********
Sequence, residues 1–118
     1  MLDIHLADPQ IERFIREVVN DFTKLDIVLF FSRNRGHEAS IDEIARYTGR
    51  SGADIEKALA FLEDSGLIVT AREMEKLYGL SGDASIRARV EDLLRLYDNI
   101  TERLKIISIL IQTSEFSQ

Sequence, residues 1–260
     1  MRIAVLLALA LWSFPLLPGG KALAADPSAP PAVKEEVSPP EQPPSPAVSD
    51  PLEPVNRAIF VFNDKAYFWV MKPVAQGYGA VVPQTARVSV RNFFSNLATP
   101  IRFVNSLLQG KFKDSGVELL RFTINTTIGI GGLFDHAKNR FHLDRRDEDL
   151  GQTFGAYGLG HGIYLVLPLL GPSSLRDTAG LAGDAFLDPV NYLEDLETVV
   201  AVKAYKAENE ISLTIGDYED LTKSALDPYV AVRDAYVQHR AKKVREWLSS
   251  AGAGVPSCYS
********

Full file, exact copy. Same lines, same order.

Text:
Sequence, residues 1–118
     1  MLDIHLADPQ IERFIREVVN DFTKLDIVLF FSRNRGHEAS IDEIARYTGR
    51  SGADIEKALA FLEDSGLIVT AREMEKLYGL SGDASIRARV EDLLRLYDNI
   101  TERLKIISIL IQTSEFSQ

Sequence, residues 1–260
     1  MRIAVLLALA LWSFPLLPGG KALAADPSAP PAVKEEVSPP EQPPSPAVSD
    51  PLEPVNRAIF VFNDKAYFWV MKPVAQGYGA VVPQTARVSV RNFFSNLATP
   101  IRFVNSLLQG KFKDSGVELL RFTINTTIGI GGLFDHAKNR FHLDRRDEDL
   151  GQTFGAYGLG HGIYLVLPLL GPSSLRDTAG LAGDAFLDPV NYLEDLETVV
   201  AVKAYKAENE ISLTIGDYED LTKSALDPYV AVRDAYVQHR AKKVREWLSS
   251  AGAGVPSCYS